Notebooks: A Jupyter Notebook like IDE with code and markdown cells, a terminal, logs, versioning, and a very customizable environment. It serves as a place where users can explore their data, conduct ML and data analytics on either their own data or the publicly stored data in Gradient storage, and prepare their ML pipeline to be set up.
WorkFlows: Once exploration and initial analytics are completed and a workflow is determined, WorkFlows allow users to dynamically update their modeling pipeline by connecting to GitHub. This allows for versioned development of models as progress is made.
Deployments: Once a finalized model is determined and saved to Gradient's persistent storage, the Deployments resource allows users to deploy their new model as an API endpoint in a few simple steps, thereby sidestepping many of the headaches of Kubernetes, Docker, and framework setup.
Start working with Free GPUs on Gradient today!
Users are mostly restricted to using Kaggle's builtin storage. They can connect to AWS s3 or similar products through their clients, but this is clunky compared to just using the Kaggle datasets functionalities.
Limited to 20 GB of working data in total across all notebooks.
On Gradient, users can use a large number of storage services, including Gradient's own persistent storage, AWS s3, and more.
Free tier users will be restricted to 5 GB of free storage per notebook on Gradient's persistent storage (with up to five projects made and one notebook running at any given time). Overages will be charged at .29 USD per GB of storage.
- Instant startup speed (you have to wait for session to start once code is run however)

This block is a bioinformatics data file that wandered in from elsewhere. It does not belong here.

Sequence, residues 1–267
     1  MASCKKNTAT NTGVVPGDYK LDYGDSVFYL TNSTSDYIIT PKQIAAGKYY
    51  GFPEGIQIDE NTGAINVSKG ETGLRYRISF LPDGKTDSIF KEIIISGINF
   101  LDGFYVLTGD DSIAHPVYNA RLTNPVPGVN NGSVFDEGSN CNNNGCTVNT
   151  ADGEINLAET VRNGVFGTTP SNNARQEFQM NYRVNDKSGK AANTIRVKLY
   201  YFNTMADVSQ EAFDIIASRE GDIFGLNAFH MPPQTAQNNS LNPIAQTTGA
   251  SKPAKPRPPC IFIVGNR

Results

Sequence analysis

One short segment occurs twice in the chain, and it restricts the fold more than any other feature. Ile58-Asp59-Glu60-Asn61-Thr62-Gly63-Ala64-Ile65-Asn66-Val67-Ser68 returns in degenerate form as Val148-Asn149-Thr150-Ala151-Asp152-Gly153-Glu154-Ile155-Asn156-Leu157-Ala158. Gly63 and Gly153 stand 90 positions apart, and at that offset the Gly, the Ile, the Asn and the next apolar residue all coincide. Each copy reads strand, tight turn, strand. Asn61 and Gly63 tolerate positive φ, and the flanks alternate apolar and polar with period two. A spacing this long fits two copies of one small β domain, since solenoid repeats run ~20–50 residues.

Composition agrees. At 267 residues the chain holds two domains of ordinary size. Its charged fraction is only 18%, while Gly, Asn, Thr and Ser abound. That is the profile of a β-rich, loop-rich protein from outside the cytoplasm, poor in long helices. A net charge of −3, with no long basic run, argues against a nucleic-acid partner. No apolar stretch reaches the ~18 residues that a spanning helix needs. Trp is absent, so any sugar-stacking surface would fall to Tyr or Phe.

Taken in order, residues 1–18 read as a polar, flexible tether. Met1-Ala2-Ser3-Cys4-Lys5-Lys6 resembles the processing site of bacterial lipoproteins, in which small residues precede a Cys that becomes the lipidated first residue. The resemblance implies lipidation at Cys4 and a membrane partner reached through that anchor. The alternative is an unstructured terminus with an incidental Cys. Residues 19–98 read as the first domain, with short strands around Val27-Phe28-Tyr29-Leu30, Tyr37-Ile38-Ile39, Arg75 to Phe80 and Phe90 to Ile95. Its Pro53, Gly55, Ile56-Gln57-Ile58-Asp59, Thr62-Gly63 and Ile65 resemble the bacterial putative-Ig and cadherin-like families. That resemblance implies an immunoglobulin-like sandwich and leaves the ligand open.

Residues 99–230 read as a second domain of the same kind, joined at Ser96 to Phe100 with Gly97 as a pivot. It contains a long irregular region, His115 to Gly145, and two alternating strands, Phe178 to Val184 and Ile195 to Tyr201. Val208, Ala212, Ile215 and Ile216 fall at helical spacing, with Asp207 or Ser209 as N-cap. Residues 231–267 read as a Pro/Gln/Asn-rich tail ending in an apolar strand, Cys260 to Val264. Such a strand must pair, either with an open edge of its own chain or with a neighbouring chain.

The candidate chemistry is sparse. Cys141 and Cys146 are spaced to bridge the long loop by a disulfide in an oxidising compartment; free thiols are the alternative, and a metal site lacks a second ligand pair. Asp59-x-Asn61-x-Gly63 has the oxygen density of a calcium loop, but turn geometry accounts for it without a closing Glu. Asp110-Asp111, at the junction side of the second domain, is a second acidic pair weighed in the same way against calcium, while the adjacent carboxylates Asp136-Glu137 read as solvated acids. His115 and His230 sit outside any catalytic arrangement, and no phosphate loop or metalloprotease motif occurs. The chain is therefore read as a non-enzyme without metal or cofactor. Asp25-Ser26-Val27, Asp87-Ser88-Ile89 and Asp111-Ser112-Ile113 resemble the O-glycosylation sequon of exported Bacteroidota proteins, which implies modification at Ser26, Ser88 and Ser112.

- Gallery of suggested projects for inspiration on notebook startup page
- Jupyer-like IDE
- Notebook scheduling
- Private and public notebooks
- Kaggle community allows for collaboration and easy work sharing
- 9 hour execution time limit
- Higher GPU RAM (13 GB) than Gradient Free Tier
- Completely free
- 20 GB storage across all notebooks
- Difficult to customize notebook environment (container, workspace etc.). It is possible to do so through Google Cloud Project, but it is both attention and time intensive to migrate to a new platform and then set up the notebooks
- Short idle time of 20 minutes makes it hard to train models on big data without constant attention.
- 30 hour weekly limit on GPU powered notebooks
- No ability to access better or different GPU's without migrating to separate platform
- Jupyter-like IDE
- Private and public notebooks
- Projects and teams format allows for easy collaboration within companies or teams
- Extremely customizable setup from workspace to container to GPU type that is easy to do
- No idle time limit (but 6 hour execution time limit on GPU powered notebooks)
- Access to Gradient persistent storage & ability to connect to outside storage providers like AWS s3
- Ability to upgrade to higher tiers and access better GPU's
- More CPU cores on Free tier instances than Kaggle (8 vs 2)
- Easy to switch to paid version and get more powerful resources
- 6 hour execution time limit for free GPUs
- 5 GB persistent storage limit for free tier (ability to pay for more with overages at .29 USD/GB)
- No access to notebook terminals in free tier
Both platforms offer free access to worthwhile computing power and GPU accessibility, a robust environment for conducting ML/DL work using this compute, and a useful storage system integrated into the notebook to facilitate all of it.
While Kaggle has a distinct edge in its free GPU's RAM (13 GB vs. 8 GB in free tier), free available storage capacity (20 GB vs. 5 GB), and ability to schedule notebooks, Gradient's versatility seems to elevate it above the competition. Gradient Notebooks offer a much higher number of CPU cores in their free tier instances, no weekly limit on GPU access time, a more customizable notebook environment, and a more user friendly UX thanks to its extremely long idle time. Furthermore, the 2 other Gradient resources, Workflows and Deployments, separate Gradient's capabilities even further apart from Kaggle.